Undergraduate Course: Developmental Cognitive Neuroscience: Infancy (PSYL10136)
|School||School of Philosophy, Psychology and Language Sciences
||College||College of Arts, Humanities and Social Sciences
|Credit level (Normal year taken)||SCQF Level 10 (Year 3 Undergraduate)
||Availability||Available to all students
|Summary||The course covers how cognition and the brain change from gestation up to the age of around 2 years. It focuses on the reciprocal relationship between cognitive and brain development, and how these developmental pathways are affected by the infant's physical and social environment.
This course covers some specific topics in developmental cognitive neuroscience, focusing on infancy. The goals of the course are to:
(a) Introduce important phenomena and mechanisms supporting neurocognitive development.
(b) Understand the mutual influence among the brain, cognition, and the environment in the dynamic context of development.
(c) Illustrate these mechanisms in various domains (e.g., perception, learning, information processing, social cognition) in the first part of the course, and study in more depth how they contribute to changes in one specific domain (language acquisition) in the second part of the course.
(d) Provide students with an introduction to some of the methods used within developmental cognitive neuroscience including basic experimentation, formal theory development, and neuroscientific methods.
The course will develop students' skills at critical analysis, writing and presenting. It will also allow them to apply their statistical analysis skills to data on infant development.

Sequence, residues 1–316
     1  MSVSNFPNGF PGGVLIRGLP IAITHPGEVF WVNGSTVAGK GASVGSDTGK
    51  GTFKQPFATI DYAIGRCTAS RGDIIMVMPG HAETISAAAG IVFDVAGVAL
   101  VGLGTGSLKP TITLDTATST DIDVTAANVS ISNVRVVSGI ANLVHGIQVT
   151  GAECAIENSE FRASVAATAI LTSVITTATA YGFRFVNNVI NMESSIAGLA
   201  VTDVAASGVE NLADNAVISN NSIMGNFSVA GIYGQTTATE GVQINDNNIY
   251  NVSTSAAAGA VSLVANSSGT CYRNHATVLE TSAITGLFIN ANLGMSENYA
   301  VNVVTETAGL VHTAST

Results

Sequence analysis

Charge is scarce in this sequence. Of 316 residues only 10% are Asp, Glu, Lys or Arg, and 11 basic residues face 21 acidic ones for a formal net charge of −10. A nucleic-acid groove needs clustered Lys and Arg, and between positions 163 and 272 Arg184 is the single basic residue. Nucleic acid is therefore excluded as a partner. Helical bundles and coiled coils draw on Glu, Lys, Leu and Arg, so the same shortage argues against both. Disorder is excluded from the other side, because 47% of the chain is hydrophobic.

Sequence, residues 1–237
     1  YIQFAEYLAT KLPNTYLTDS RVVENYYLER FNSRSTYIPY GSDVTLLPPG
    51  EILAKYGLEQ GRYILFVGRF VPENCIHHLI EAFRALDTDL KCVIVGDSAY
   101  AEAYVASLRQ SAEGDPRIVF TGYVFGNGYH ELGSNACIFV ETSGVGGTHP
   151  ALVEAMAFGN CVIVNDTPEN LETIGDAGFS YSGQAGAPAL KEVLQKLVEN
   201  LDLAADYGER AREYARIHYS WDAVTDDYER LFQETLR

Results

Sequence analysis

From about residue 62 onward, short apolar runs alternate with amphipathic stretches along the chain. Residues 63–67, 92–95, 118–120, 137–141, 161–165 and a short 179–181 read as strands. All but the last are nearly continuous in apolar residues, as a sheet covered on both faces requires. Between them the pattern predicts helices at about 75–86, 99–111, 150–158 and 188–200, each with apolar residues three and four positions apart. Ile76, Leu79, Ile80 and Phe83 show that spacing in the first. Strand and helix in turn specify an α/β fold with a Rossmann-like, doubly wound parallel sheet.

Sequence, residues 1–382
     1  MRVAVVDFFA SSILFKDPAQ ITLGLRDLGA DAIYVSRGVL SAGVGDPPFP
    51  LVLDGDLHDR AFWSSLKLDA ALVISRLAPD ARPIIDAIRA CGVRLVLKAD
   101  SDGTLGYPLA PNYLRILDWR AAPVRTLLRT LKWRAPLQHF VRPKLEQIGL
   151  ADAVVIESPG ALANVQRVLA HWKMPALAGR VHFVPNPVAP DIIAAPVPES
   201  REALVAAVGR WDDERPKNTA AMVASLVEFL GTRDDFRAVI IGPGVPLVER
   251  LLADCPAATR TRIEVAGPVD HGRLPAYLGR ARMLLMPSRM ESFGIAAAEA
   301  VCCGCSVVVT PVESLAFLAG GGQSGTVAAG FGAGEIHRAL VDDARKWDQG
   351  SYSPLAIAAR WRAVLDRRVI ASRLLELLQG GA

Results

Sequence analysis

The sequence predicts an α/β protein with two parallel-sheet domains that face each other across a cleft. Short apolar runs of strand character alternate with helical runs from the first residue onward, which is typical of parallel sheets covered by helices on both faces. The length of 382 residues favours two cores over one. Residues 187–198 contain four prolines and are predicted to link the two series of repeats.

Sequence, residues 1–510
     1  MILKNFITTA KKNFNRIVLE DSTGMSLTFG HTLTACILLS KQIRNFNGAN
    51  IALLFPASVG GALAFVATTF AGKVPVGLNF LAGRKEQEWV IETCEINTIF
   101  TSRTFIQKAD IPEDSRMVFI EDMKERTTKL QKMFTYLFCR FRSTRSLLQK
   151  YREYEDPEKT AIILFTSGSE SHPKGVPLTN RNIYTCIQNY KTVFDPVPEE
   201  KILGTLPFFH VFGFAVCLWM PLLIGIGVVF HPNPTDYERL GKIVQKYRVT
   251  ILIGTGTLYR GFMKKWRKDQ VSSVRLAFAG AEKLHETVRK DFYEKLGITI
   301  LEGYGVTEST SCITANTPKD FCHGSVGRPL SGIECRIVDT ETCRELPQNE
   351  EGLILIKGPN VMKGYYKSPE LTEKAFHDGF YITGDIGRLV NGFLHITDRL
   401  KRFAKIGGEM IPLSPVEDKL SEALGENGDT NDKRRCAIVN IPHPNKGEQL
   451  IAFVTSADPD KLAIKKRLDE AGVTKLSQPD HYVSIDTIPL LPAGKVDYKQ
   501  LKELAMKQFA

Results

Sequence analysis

Information for Visiting Students
|Pre-requisites||Visiting students who are Psychology majors and in their third or final year at their home university are welcome to take this course.
|High Demand Course?
Course Delivery Information
|Academic year 2021/22, Available to all students (SV1)
|Learning and Teaching activities (Further Info)
Lecture Hours 20,
Programme Level Learning and Teaching Hours 4,
Directed Learning and Independent Learning Hours
|Assessment (Further Info)
|Additional Information (Assessment)
||Mid-course (30%): 1000 word research proposal
Final (70%): 2000 word Essay (coursework)
||1. In class feedback exercises will be used to check understanding and to develop skills (e.g. quizzes, peer feedback on essay plans/drafts).
2. The mid-course assessment will also provide feedback as to whether students have mastered the foundational theories and empirical results in the study of infant cognitive neuroscience. Thus, students can use their results to determine whether to allocate additional effort to this class.
3. Structured optional programming assignments (using the R language) will allow students to gain experience analyzing real-world data from infants, applying their research methods and statistics knowledge in context.
|No Exam Information
On completion of this course, the student will be able to:
- Demonstrate an understanding of recent scientific advances, debates, and challenges regarding brain and cognitive development in infancy.
- Analyze the developmental mechanisms driving cognitive and neural changes during infancy.
- Demonstrate an understanding of how cognitive development and brain development are mutually supportive
- Analyze the role of experience and the environment in brain and cognitive development
- Gain experience analyzing developmental data using the R language.
|Graduate Attributes and Skills
|Course organiser||Dr Hugh Rabagliati
Tel: (0131 6)50 3454
|Course secretary||Miss Susan Scobie
Tel: (0131 6)51 5505